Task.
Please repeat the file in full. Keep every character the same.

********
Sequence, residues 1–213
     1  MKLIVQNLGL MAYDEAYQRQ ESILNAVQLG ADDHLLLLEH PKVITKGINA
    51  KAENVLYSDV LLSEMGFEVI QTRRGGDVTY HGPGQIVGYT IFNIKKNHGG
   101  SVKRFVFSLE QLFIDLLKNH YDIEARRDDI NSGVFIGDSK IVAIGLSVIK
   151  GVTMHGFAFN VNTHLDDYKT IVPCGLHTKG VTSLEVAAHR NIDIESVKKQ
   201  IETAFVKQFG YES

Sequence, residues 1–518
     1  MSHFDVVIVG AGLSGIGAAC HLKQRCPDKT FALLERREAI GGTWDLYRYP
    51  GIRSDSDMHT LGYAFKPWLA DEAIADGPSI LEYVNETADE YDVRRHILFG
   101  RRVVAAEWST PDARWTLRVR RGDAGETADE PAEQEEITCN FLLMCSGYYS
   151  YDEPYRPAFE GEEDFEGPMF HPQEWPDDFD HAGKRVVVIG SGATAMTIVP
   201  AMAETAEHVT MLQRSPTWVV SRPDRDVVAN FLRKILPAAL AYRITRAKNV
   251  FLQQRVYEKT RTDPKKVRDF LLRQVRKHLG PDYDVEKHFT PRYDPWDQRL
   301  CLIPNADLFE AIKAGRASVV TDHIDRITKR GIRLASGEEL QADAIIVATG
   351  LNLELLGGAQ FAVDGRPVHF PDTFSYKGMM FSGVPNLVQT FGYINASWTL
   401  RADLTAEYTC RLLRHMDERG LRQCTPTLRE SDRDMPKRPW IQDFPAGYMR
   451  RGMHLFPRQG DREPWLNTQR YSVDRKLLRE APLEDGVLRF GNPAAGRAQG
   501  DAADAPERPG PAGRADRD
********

Sequence, residues 1–213
     1  MKLIVQNLGL MAYDEAYQRQ ESILNAVQLG ADDHLLLLEH PKVITKGINA
    51  KAENVLYSDV LLSEMGFEVI QTRRGGDVTY HGPGQIVGYT IFNIKKNHGG
   101  SVKRFVFSLE QLFIDLLKNH YDIEARRDDI NSGVFIGDSK IVAIGLSVIK
   151  GVTMHGFAFN VNTHLDDYKT IVPCGLHTKG VTSLEVAAHR NIDIESVKKQ
   201  IETAFVKQFG YES

Sequence, residues 1–518
     1  MSHFDVVIVG AGLSGIGAAC HLKQRCPDKT FALLERREAI GGTWDLYRYP
    51  GIRSDSDMHT LGYAFKPWLA DEAIADGPSI LEYVNETADE YDVRRHILFG
   101  RRVVAAEWST PDARWTLRVR RGDAGETADE PAEQEEITCN FLLMCSGYYS
   151  YDEPYRPAFE GEEDFEGPMF HPQEWPDDFD HAGKRVVVIG SGATAMTIVP
   201  AMAETAEHVT MLQRSPTWVV SRPDRDVVAN FLRKILPAAL AYRITRAKNV
   251  FLQQRVYEKT RTDPKKVRDF LLRQVRKHLG PDYDVEKHFT PRYDPWDQRL
   301  CLIPNADLFE AIKAGRASVV TDHIDRITKR GIRLASGEEL QADAIIVATG
   351  LNLELLGGAQ FAVDGRPVHF PDTFSYKGMM FSGVPNLVQT FGYINASWTL
   401  RADLTAEYTC RLLRHMDERG LRQCTPTLRE SDRDMPKRPW IQDFPAGYMR
   451  RGMHLFPRQG DREPWLNTQR YSVDRKLLRE APLEDGVLRF GNPAAGRAQG
   501  DAADAPERPG PAGRADRD